MYC can’t cause havoc in B cells without MAX

From the Eisenman lab, Basic Sciences Division

The MYC oncogene family plays an important role in neoplastic disease, and has been extensively studied over decades. Evidence showing the N-terminal and C-terminal regions of MYC can function as a transcription activation domain and a dimerization and DNA binding domain respectively, has led to the assumption that MYC proteins would form homo or heterodimers, bind DNA and function as transcriptional activators.  MAX has been shown to interact specifically with all MYC family proteins; the resulting heterocomplexes recognize the hexameric DNA sequence CACGTG, part of the class of sequences known as E-boxes.  Studies from Dr. Robert Eisenman’s group in the Basic Sciences division have shown that MAX heterodimerization is required for MYC to bind to DNA, and carry out transcriptional and cell transformation activities. Nevertheless, there is also evidence that loss of MAX can be tolerated and sometimes oncogenic in certain biological contexts, suggesting that MYC can function independently of MAX to drive tumorigenesis.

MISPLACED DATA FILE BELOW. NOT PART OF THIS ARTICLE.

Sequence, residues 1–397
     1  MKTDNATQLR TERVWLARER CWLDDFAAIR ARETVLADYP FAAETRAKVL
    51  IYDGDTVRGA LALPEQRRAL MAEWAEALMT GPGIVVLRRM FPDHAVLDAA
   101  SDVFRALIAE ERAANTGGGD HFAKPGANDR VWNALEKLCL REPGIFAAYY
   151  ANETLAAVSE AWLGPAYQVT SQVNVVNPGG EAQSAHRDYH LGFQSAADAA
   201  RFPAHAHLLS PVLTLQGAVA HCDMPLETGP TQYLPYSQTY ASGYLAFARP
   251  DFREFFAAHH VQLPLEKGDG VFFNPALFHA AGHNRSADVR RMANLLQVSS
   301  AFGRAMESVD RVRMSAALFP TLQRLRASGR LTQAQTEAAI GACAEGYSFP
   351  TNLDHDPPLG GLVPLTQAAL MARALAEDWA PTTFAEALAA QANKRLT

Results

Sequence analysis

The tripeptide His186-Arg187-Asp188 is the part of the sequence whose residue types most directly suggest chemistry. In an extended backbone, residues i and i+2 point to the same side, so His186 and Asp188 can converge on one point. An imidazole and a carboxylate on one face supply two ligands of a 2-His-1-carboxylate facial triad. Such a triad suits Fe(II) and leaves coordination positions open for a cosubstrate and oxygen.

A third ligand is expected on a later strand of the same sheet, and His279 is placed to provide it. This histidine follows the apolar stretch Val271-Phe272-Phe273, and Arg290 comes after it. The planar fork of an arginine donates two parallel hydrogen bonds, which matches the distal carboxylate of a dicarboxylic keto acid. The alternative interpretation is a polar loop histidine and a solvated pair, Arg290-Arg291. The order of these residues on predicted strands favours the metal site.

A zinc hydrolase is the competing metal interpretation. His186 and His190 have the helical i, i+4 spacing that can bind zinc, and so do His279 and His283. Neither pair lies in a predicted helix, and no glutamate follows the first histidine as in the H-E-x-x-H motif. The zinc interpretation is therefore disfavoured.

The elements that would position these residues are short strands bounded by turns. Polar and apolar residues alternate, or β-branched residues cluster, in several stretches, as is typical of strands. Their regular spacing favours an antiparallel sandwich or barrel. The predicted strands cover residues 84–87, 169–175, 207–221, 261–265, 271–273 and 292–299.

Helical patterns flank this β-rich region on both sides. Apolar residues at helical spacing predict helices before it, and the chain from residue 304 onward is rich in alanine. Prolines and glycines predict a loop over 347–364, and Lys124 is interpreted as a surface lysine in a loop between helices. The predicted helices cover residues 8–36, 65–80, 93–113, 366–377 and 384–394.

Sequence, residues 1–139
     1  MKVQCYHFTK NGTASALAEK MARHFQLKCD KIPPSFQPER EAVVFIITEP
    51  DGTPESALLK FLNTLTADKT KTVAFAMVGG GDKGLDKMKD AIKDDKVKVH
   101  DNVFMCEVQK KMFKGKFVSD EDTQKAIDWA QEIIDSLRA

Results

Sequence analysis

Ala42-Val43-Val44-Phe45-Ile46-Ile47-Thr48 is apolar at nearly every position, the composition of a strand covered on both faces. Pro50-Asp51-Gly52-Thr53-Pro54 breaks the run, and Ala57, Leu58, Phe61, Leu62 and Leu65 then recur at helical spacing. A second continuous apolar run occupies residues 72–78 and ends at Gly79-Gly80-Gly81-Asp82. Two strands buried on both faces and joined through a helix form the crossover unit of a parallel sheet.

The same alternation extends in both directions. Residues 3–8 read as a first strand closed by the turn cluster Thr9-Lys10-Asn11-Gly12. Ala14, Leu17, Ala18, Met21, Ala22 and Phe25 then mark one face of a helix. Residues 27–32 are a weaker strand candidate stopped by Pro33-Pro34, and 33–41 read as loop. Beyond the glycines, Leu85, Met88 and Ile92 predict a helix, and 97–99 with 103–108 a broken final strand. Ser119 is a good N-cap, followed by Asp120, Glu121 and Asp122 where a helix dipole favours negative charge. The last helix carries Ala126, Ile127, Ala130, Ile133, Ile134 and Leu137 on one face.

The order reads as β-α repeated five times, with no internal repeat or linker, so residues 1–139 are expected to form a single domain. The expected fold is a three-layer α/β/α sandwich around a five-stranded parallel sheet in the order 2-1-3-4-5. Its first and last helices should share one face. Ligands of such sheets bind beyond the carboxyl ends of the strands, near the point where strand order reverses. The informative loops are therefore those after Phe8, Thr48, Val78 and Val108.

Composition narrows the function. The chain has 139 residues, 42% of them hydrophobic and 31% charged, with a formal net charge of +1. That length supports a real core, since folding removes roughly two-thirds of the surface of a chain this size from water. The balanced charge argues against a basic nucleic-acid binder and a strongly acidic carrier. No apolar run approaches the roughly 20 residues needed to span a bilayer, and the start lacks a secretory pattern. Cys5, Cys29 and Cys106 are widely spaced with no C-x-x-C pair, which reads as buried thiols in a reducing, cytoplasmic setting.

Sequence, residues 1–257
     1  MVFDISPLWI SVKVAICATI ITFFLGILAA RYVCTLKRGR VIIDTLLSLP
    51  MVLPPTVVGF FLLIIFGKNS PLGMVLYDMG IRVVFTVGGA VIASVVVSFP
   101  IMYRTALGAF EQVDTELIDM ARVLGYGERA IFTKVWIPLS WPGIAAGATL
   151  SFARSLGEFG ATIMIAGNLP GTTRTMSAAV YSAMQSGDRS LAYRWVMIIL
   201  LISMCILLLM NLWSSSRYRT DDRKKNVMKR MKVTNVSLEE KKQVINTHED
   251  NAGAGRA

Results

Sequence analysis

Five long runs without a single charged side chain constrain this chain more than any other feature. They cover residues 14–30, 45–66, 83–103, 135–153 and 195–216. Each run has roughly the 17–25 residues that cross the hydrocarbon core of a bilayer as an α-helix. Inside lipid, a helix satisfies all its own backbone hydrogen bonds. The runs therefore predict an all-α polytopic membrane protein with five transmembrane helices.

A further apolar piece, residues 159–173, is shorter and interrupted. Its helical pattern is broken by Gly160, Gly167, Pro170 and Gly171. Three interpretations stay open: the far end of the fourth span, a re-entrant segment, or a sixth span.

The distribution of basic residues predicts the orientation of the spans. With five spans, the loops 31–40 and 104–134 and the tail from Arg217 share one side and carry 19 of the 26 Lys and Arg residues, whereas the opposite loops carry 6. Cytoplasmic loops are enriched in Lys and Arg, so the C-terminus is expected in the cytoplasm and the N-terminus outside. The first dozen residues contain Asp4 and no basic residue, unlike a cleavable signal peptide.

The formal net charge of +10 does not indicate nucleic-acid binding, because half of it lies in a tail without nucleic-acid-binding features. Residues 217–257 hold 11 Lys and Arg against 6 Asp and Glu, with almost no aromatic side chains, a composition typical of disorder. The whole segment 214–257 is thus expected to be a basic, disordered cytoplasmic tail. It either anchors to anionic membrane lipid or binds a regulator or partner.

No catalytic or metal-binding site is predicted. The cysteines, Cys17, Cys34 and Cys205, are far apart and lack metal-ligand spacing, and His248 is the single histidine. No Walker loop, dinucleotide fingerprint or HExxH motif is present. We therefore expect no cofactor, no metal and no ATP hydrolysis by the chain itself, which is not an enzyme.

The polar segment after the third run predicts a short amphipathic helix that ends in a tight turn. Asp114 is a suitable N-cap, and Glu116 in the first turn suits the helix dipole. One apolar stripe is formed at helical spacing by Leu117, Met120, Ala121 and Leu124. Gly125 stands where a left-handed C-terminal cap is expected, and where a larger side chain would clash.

Dr. Haritha Mathsyaraja, a postdoc in the Eisenman lab, took the lead in examining a MAX-independent role in MYC-driven oncogenesis. Together with other members of the Eisenman lab, along with members of the Henikoff lab, the authors show new insights into the molecular underpinnings of MYC regulation and cancer, and published this work in a recent issue of Genes & Development.

Dr. Mathsyaraja explains the importance of their finding: “MYC is a potent oncogene that’s amplified across a wide spectrum of malignancies. MAX was long thought to be an obligate hetero-dimerization partner for MYC in driving neoplasia, but no in vivo evidence existed to confirm that hypothesis. We for the first time conclusively show that MAX is required for MYC driven lymphomagenesis in vivo. In addition, we show that loss of MAX results in destabilization of MYC and a sharp reduction in MYC levels.”

Model depicting proposed network dynamics in normal B cells and pre-malignant Eµ-Myc cells and the consequences of Max deletion in each context.
Model depicting proposed network dynamics in normal B cells and pre-malignant Eµ-Myc cells and the consequences of Max deletion in each context. In normal B cells, MNT-MAX activity is higher than MYC-MAX activity, leading to the activation of a subset of MYC target genes. Upon Max loss, alleviation of MNT-MAX repression and E2F activation of target genes partially compensates for loss of MYC-MAX activity. In premalignant cells, MYC-MAX heterodimers show increased activity and activate MYC stabilizing genes such as Cip2a and Set. Disruption of this circuit via Max deletion leads to destabilization of MYC protein and loss of MYC signature expression. Hence, no tumors arise in KO mice. Figure from publication